The second panel during Mass STEM Week 2020 was My STEM Story: The Career Journey of the Professional Black Woman and featured two panelists who spoke virtually to a group of students and professionals about their careers and how they got them, as well as the obstacles they overcame to get where they are today. The first panelist was Dr. Monique Farrell, who works as a senior principal engineer at an aerospace and defense company and earned her PhD in Materials Science and Engineering from Norfolk State University after completing her B.S. in Chemical Engineering from the University of Massachusetts Amherst. Farrell talked about how she overcame her early struggles in college by using the resources at her school and by having a good mentor.
“I just had to dig deep and say ‘well I don’t know this information now but I am going to believe in myself that I can learn it and I am disciplined and focused enough to gather all of the resources around me to get it done,” Farrell said.
The other panelist was Sade Luwoye, a Systems Engineer at Lockheed Martin in Baltimore who has a B.S in Electrical Engineering and a M.S in Systems Engineering from George washington University. Luwoye spoke on what it was like sometimes being the only person of color in her classes at school and how she used that to motivate herself for her future career.
“Since Elementary school I went to predominantly white schools where I was the only black female or the only black person in general in some of my honors and advanced classes,” Luwoye said. “I just had to encourage myself and remember my end goal.”
The third My STEM Story panel we did in collaboration with SySTEMic Flow was in March 2021 and was called My STEM Story: The Career Journey of the Professional Black Woman. This panel instead focused on three Black women STEM professionals from Ghana and focused on their stories and careers. Each panelist talked about how they got their careers started, the opportunities they had, the challenges they faced, and gave advice to students. The first panelist Lily Edinam Botsyoe is a Front End Web Developer and an aspiring Tech Policy Analyst and her advice was to find a community that can support you both personally and professionally.
“To go ahead you have to get started,” Botsyoe said. “What you cannot figure out on your own, a tech community can present the journeys and expertise of many others a helpful blueprint.”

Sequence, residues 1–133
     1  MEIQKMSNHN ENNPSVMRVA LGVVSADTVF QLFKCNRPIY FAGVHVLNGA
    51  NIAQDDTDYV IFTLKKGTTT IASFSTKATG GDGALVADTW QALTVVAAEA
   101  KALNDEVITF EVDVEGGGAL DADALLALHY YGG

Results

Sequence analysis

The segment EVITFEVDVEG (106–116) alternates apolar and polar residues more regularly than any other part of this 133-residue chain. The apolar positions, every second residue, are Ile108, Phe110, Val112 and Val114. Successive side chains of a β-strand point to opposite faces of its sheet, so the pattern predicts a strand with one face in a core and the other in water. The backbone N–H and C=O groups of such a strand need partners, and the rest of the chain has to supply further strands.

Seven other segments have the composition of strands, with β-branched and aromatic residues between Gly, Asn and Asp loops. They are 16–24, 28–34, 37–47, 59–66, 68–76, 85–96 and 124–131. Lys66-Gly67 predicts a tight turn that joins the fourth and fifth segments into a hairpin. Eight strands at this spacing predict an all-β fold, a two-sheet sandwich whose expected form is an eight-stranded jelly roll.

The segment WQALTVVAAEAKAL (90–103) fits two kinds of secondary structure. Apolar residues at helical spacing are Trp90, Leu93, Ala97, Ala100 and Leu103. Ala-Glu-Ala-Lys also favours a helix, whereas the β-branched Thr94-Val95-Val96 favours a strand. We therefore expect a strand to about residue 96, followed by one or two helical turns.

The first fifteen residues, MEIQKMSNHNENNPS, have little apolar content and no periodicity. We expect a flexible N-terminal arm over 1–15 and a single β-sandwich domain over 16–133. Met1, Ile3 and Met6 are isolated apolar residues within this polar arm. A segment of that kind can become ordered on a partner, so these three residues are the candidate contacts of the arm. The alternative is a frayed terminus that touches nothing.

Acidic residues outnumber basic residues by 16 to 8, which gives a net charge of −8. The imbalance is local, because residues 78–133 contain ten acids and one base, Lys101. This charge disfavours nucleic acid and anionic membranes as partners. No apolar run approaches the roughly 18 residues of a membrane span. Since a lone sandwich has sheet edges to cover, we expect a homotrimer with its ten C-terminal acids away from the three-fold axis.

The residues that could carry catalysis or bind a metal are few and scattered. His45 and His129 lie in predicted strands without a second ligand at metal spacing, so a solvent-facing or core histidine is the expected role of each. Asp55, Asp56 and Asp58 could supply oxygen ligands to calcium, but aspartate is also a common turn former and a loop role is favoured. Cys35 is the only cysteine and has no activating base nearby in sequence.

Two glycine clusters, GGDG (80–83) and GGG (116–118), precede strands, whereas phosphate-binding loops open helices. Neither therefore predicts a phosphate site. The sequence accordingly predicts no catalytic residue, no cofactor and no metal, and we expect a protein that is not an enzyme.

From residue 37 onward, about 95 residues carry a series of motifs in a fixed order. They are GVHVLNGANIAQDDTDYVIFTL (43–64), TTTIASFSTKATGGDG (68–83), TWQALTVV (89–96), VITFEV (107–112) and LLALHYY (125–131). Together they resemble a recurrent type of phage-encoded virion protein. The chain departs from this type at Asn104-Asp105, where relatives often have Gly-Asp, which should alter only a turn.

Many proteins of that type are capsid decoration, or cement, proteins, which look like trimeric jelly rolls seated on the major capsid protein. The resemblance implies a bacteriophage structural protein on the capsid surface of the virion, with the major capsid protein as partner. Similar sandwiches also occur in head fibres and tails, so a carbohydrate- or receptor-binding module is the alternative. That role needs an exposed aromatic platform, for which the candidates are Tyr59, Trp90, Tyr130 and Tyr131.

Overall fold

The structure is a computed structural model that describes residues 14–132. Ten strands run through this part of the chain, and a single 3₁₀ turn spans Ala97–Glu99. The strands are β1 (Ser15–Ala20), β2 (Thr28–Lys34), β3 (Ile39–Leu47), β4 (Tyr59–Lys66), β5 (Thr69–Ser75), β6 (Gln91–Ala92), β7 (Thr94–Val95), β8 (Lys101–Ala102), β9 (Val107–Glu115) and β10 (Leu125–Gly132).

The second panelist was Priscilla Mbama Abasi a GIS Technician at a company called Zipline where she plans drone flight paths and does geospatial analysis. Her advice to students was to not let the fact that STEM is male-dominated stop them from following your dreams.
“Don’t be afraid to travel any path in STEM that is less traveled by women,” Abasi said.
The third and final panelist was Twumasiwaa Manu-Antwi who works as a metallurgist for a gold export company where she heads the gold buying department and works as the environmental officer for partner miners. Manu-Antwi echoed Abasi’s advice by telling young girls to not let gender stop them from pursuing their passions.
“Dreams and visions don’t come with gender tied to them,” Manu-Antwi said.
Math Escape Rooms
The other main program BoSTEM and SySTEMic Flow collaborated on was our two Math Escape room programs. The first of the programs took place during February break in 2021 and were focused on combining space and math together. There were three separate escape rooms focusing on different levels of math (4-5th: percentages, decimals, and fractions, 6th-8th: pre-algebra, 9th-11th: Algebra 1/Geometry) and at the conclusion of the event, there was an award ceremony combined with a Movie, Make + Meet event where students got awards for their participation and performance in the escape rooms and got to meet Sabrina Thompson, an Aerospace Engineer at NASA and author, and watch Hidden Figures. The second escape room event took place for National Math/Stat Month in May 2021 in collaboration with Boston Children’s Museum’s Collections & Archives Department. This escape room revolved around toys from the collection of the Children’s Museum, where students had to use math to help a toy named Hans to save his 58 friends from an evil thief. These two escape room events were attended by over 40 students.
If you or your company is interested in collaborating with BoSTEM and SySTEMic Flow, feel free to reach out to Alexa Rose at firstname.lastname@example.org. Escapes room events are a great way to help keep students interested in math which can potentially keep them on the path for a career in STEM.
BoSTEM would like to thank Jessica and everyone at SySTEMic Flow for being such great partners. If you or your student is interested in any of the programs offered by SySTEMic Flow make sure to check out their programs on their site. SySTEMic Flow is hosting an Online Math Institute Program this summer that will offer courses to help students get ahead in their math courses for school and provide tutoring and mentorship.
Find out more about all things BoSTEM, by clicking here! Interested in hosting an escape room event or My STEM Story panel with your organization? Email Alexa Rose at email@example.com! If you’re interested in seeing some of our STEM Chats and Bites, feel free to check out this playlist to see our full offering of programming. These potentially career-defining opportunities are not possible without our volunteers graciously offering their time. If you or someone at your company is interested in hosting a STEM Chat, Bite or one of the two events done with SySTEMic Flow, please click here!